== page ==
A complete lionfish resource for pet owners
The lionfish is a venomous, predatory fish species native to warm, tropical waters of the Indo-Pacific region. Today, the Atlantic lionfish populates the Atlantic Ocean and Caribbean Sea and seems to be spreading, with wild populations now catalogued as far north as the Florida Keys. Some hobbyists have also taken freshwater lionfish as pets, but many of them don't take well to captivity and tend not to survive in aquaria for very long.
Size: The head-to-fin size of a lionfish differs considerably across the many variants of the species. The common lionfish normally grows to a length of 12 to 14 inches. Dwarf lionfish and blackfoot lionfish are considerably smaller, reaching an average length of about 3 to 4 inches. All variants have long, separated spines and a fan-like arrangement of jutting, narrow fins.
Color: Almost all variants, from Atlantic lionfish to blackfoot lionfish, are striped. Just about any combination of white, maroon, black, yellow, orange, brown and red can be seen in the striping patterns, though a mixture of both light and dark colors is most common.
Variants: Blackfoot lionfish tend to have more red, blue and black in their scales than other species. Many dwarf lionfish also remain in the red-to-brown color spectrum.
Lionfish are actually quite shy and reserved, despite their impressive appearances and predatory nature. It's a good idea to keep them in small groups consisting of one male and several females, as males will show aggression towards one another, much like male betta fish do.
Since lionfish are predators, it's not a good idea to keep them in the same tank with other fish, particularly smaller fish with few defenses. Lionfish are particularly known for attacking and eating pet shrimp. Also, you should avoid directly handling your lionfish at all costs – while their venom is not fatal to humans, you'll be in for a prolonged and very painful experience if you come in contact with it.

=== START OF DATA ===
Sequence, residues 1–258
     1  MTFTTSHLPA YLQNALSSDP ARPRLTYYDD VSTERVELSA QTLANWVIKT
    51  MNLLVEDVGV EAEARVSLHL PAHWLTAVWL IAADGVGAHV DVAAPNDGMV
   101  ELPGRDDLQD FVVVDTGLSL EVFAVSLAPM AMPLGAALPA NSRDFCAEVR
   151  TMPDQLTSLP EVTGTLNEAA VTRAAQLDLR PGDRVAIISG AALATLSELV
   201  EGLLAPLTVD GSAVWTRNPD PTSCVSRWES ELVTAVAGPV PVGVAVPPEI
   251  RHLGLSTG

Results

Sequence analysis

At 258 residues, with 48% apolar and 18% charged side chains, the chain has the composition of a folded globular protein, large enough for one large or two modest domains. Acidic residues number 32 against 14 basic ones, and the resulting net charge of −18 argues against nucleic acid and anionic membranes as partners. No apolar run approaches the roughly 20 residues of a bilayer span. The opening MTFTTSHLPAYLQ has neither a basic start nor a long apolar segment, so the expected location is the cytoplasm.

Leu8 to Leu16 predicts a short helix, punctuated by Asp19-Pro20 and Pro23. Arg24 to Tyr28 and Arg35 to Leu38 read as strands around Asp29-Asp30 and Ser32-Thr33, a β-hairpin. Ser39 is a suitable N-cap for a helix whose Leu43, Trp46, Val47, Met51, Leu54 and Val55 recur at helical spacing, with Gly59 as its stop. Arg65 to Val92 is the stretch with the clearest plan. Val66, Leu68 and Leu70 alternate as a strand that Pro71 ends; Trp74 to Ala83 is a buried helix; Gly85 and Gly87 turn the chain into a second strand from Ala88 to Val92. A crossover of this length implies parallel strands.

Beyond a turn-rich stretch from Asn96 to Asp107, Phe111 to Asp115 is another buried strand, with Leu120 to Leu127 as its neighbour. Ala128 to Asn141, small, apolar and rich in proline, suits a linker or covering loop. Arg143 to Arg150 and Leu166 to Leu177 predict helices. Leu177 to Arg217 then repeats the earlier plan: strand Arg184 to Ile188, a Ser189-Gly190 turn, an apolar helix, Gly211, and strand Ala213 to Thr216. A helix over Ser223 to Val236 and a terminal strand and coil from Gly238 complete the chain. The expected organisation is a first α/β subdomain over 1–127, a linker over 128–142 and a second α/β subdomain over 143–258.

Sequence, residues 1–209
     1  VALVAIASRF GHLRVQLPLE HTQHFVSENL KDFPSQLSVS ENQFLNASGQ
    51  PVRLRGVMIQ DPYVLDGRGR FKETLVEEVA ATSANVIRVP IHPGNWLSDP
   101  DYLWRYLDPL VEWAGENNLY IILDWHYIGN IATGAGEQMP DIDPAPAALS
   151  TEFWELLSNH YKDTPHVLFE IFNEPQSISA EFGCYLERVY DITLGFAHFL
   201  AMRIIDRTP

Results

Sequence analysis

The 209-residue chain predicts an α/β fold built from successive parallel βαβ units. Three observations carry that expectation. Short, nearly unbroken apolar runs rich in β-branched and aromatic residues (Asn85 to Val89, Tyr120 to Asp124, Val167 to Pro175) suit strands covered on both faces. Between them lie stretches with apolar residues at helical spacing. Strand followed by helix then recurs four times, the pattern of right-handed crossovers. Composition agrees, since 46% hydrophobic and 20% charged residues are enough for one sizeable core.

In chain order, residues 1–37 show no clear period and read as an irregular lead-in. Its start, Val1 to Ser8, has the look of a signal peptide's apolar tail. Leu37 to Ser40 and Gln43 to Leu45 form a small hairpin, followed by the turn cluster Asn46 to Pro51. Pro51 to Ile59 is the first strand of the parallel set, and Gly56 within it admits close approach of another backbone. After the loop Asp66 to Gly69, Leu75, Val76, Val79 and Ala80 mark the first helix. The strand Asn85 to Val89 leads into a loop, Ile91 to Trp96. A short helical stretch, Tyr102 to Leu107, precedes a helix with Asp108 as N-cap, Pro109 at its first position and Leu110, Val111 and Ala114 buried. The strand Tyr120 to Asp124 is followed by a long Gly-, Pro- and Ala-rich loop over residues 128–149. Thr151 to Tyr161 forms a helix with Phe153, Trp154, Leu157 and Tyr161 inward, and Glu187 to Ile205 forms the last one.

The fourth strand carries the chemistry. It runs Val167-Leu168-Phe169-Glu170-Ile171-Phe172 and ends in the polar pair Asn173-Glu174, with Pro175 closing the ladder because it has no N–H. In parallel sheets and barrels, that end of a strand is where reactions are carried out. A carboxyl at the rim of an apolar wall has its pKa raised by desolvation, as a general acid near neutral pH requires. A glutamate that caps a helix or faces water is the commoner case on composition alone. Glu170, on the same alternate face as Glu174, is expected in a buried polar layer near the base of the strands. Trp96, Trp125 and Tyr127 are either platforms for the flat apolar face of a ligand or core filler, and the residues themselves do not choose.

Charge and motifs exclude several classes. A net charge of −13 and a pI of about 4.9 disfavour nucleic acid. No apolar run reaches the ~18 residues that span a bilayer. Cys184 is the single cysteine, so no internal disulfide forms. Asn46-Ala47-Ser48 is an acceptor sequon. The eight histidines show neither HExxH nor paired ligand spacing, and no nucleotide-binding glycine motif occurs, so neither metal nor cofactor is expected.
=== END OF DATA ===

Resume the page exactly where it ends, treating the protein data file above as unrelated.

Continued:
Health and Care
Feeding: Until you get your lionfish used to eating dead fish food, which will take some time, you should feed them live food. Small crabs, shrimp and fish are preferred. Over time, slowly introduce some dead substitutes, unless your budget allows you to continue feeding your lionfish with more expensive live food.
Tank Care: Make sure your saltwater aquarium has a volume of at least 75 gallons. Your salinity reading should be at least 1.027, and the ideal water temperature is between 75 and 79 degrees Fahrenheit. Providing these fish with plenty of crevices to swim through and hide in is also a good idea and will help keep your pets happy.
Health Concerns: One of the most interesting lionfish facts is the breed's hardiness and resistance to disease. Scientists have marveled at the species' ability to fight off the parasitic, fungal and bacterial illnesses that kill many other domesticated fish species. However, it's essential that you take proper care of your tank, ensuring that salinity and temperature levels are optimal at all times and that the water is filtered and clean.
Life Expectancy: Captive lionfish generally have a lifespan of 10 to 15 years.